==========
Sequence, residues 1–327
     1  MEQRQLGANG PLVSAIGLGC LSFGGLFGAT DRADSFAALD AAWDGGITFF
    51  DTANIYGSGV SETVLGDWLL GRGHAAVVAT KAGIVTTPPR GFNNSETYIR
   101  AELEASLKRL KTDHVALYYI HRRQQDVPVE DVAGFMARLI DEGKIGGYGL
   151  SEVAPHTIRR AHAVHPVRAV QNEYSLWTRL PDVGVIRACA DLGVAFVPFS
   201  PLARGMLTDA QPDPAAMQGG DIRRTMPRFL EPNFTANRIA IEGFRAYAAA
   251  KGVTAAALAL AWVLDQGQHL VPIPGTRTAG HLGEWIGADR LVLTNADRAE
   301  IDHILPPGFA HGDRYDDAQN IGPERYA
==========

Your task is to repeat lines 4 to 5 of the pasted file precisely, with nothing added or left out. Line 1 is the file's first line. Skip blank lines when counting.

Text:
   101  AELEASLKRL KTDHVALYYI HRRQQDVPVE DVAGFMARLI DEGKIGGYGL
   151  SEVAPHTIRR AHAVHPVRAV QNEYSLWTRL PDVGVIRACA DLGVAFVPFS